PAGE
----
September 20, 2012

Rahall Legislation to Reinforce Indian Tribal Sovereignty During Major Disasters Approved by House

Washington, D.C.– The House of Representatives has approved legislation authored by U.S. Representative Nick J. Rahall (D-WV), top Democrat on the House Transportation and Infrastructure Committee, that solidifies Indian Country’s tribal sovereignty during major disasters and emergency situations.  Rahall’s legislation was included as part of a larger bill to reauthorize the Federal Emergency Management Agency (FEMA) which was approved by voice vote on Wednesday evening.

“Passage of this legislation represents a major victory for Indian Country and for tribal sovereignty,” said Rahall.  “For more than a decade Indian tribes have sought a direct line to the Federal government in order expedite aid during an emergency or major disaster.  Now, with this action by the House of Representatives, they are one crucial step closer to being able to access appropriate federal assistance when unforeseen adversity hits.”   

Under current law, Indian tribes experiencing a disaster or emergency situations must rely upon a State governor to request the President for an emergency declaration.  Often if damage from a disaster is restricted to a reservation and does not have a broader impact on the state, federal disaster aid cannot be triggered.   

Last year, wild fires ravaged thousands of acres of forest resources, watershed, and cultural sites on the Santa Clara Pueblo Indian Reservation.  Santa Clara residents were forced to rely on New Mexico officials to submit required paperwork to FEMA which added unnecessary delays.  It wasn’t until last month that the Reservation was granted aid following a separate disaster.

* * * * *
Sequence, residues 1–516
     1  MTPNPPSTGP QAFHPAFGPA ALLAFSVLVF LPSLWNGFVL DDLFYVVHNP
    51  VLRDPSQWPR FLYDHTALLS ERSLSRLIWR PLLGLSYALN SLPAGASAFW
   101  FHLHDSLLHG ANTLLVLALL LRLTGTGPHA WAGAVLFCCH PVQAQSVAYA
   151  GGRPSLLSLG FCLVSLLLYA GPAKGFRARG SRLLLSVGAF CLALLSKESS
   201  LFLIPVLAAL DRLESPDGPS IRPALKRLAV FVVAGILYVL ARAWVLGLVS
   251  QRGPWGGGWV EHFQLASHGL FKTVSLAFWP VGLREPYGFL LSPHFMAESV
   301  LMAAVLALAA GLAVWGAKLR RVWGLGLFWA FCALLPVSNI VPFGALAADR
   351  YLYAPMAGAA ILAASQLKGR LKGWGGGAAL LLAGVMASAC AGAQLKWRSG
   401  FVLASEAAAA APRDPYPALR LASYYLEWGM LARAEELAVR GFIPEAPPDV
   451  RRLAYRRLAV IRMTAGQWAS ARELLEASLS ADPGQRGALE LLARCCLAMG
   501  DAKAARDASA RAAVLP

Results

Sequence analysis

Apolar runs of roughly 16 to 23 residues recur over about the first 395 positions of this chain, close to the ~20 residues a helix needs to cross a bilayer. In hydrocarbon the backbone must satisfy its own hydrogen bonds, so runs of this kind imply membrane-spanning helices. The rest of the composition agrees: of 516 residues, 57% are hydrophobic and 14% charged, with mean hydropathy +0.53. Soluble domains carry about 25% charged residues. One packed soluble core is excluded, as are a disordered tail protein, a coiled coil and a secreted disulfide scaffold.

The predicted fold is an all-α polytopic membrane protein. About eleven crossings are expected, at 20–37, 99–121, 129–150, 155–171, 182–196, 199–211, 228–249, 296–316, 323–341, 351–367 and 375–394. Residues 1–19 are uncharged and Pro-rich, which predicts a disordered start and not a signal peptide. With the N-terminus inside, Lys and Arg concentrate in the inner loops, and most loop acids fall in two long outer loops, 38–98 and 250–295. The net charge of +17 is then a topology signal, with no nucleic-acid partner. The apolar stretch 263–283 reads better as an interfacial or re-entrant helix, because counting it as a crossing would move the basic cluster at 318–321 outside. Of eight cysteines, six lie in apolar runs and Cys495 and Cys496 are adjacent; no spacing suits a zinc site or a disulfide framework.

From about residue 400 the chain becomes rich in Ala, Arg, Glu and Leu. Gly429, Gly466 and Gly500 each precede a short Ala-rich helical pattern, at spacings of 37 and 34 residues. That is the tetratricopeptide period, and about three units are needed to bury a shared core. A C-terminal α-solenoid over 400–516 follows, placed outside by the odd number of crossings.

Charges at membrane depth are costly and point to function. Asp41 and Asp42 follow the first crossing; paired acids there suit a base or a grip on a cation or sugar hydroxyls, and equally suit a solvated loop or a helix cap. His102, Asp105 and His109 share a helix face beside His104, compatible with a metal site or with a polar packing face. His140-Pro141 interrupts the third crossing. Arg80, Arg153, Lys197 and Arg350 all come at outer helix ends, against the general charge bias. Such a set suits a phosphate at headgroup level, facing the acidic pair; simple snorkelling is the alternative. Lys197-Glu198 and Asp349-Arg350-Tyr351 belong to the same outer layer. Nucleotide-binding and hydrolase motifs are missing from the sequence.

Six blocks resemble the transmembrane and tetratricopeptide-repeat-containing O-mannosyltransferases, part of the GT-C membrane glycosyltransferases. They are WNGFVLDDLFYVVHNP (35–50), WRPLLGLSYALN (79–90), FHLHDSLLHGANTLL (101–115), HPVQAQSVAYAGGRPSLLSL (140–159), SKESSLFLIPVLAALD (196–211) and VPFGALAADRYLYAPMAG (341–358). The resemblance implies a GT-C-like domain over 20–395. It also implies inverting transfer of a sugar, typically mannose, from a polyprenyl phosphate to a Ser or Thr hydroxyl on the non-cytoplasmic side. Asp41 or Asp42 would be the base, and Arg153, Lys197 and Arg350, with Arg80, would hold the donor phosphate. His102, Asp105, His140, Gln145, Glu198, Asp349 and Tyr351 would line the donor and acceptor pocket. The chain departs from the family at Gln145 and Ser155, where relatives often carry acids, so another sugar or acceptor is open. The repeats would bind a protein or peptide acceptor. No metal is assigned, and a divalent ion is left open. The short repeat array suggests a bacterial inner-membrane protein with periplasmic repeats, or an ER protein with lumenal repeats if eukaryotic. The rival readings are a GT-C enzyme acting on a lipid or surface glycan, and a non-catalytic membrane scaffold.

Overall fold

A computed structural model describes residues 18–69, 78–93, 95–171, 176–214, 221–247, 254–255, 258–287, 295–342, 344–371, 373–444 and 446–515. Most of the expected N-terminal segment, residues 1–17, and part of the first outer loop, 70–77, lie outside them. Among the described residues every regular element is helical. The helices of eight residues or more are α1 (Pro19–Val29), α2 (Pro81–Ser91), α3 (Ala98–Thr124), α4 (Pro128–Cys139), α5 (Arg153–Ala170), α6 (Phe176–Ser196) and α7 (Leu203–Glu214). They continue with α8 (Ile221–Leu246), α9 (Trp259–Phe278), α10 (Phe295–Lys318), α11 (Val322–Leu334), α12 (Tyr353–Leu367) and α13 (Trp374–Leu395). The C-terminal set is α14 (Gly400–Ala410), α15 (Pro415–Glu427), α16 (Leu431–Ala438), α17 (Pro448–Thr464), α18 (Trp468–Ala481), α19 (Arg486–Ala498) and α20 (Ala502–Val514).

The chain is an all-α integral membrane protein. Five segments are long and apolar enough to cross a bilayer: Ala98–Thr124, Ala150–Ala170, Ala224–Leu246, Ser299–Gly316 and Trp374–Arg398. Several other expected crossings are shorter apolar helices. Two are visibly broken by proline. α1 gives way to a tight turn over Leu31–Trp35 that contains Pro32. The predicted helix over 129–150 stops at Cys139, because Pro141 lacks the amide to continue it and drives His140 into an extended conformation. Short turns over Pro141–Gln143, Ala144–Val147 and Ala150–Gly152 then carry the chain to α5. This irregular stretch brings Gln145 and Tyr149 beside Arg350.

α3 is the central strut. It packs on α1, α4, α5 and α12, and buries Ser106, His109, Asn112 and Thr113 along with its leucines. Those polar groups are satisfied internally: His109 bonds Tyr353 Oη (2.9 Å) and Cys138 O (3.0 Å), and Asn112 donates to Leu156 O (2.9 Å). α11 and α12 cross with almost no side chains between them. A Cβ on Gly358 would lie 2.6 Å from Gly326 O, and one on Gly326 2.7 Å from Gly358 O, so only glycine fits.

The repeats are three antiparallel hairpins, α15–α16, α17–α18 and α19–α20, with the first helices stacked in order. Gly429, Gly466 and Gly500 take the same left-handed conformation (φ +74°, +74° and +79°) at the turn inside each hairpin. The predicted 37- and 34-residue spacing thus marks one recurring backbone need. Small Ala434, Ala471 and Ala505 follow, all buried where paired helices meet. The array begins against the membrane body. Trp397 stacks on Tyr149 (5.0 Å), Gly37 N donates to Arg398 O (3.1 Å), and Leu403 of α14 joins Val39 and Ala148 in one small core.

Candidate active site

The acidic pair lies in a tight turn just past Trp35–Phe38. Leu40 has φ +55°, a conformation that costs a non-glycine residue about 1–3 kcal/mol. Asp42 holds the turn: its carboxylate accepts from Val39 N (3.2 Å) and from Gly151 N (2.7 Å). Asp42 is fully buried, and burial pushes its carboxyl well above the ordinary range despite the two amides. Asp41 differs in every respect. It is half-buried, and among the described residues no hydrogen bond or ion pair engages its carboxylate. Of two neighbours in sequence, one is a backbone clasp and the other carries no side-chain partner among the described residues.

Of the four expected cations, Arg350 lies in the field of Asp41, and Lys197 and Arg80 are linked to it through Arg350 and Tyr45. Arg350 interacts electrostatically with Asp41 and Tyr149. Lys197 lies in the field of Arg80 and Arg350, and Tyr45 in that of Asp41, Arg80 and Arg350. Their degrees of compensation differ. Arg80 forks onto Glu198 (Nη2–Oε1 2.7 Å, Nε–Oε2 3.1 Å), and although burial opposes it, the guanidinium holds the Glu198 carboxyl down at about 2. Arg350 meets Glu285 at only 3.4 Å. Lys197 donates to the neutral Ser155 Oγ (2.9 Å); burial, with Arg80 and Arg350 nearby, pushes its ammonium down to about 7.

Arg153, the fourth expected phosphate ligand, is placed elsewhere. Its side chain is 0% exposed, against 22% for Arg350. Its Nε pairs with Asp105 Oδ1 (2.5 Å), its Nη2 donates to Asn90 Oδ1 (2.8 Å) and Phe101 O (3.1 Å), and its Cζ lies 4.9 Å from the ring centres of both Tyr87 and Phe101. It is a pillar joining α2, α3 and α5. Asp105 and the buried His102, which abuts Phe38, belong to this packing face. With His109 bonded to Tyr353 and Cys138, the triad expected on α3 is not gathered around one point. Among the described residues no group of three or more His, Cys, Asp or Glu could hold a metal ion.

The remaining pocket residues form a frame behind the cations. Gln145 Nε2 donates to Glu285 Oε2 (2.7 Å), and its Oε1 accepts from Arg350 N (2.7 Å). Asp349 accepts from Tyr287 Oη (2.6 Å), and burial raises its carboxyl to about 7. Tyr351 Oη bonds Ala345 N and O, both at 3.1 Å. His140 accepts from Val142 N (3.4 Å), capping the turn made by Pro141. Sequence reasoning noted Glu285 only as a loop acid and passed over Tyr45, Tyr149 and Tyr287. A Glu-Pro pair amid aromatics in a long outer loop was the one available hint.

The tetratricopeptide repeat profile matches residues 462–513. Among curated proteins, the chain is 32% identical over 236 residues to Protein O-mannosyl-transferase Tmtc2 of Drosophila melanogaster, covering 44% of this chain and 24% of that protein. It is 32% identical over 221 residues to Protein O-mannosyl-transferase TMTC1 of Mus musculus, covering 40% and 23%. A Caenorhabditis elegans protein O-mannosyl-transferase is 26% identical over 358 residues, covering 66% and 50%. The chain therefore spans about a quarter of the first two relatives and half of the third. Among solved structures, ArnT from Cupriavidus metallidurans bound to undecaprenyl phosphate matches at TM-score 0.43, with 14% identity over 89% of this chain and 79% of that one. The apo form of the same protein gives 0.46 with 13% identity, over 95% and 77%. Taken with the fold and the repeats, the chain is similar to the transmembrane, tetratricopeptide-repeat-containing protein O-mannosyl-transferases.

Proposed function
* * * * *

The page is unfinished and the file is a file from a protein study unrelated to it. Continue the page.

The legislation that has now been approved by the House would amend the Robert T. Stafford Disaster Relief and Emergency Assistance Act to authorize Indian tribes to directly request the President for emergency declarations.

“Current law is not only contrary to tribal sovereignty but it also requires the President to only consider the State’s, not the tribe’s, ability to pay for the damages,” said Rahall.  “Under this legislation, tribes may still request the State to make the declaration on their behalf but it provides another avenue for those tribes who want to exercise their sovereignty or where a State may be unable or unwilling to make a request on a tribe’s behalf.”

Rahall’s legislation was crafted with input from tribal leaders across the country who raised concerns that the current law undermines the principles of sovereignty and results in slow response times when disasters occur. Soon after the bill’s introduction, FEMA announced its support for amending the Stafford Act and allowing tribal governments to directly apply for disaster assistance.

“Now that the House has demonstrated its strong support for tribal sovereignty it is my hope that our colleagues in the Senate will act expeditiously and get this bill to the President’s desk for signature,” Rahall concluded.

Rahall’s legislation was cosponsored by U.S. Representative Tom Cole (R-OK), Republican Co-Chairman of the Congressional Native American Caucus, Del. Eleanor Holmes Norton (D-DC), Democratic Ranking Member of the House Subcommittee on Economic Development, Public Buildings, and Emergency Management.  Letters of support have also been received from the National Congress of American Indians as well as other tribal organizations and individuals involved in emergency management.  A companion bill S. 2283, introduced by Senator Jon Tester awaits action in the Senate.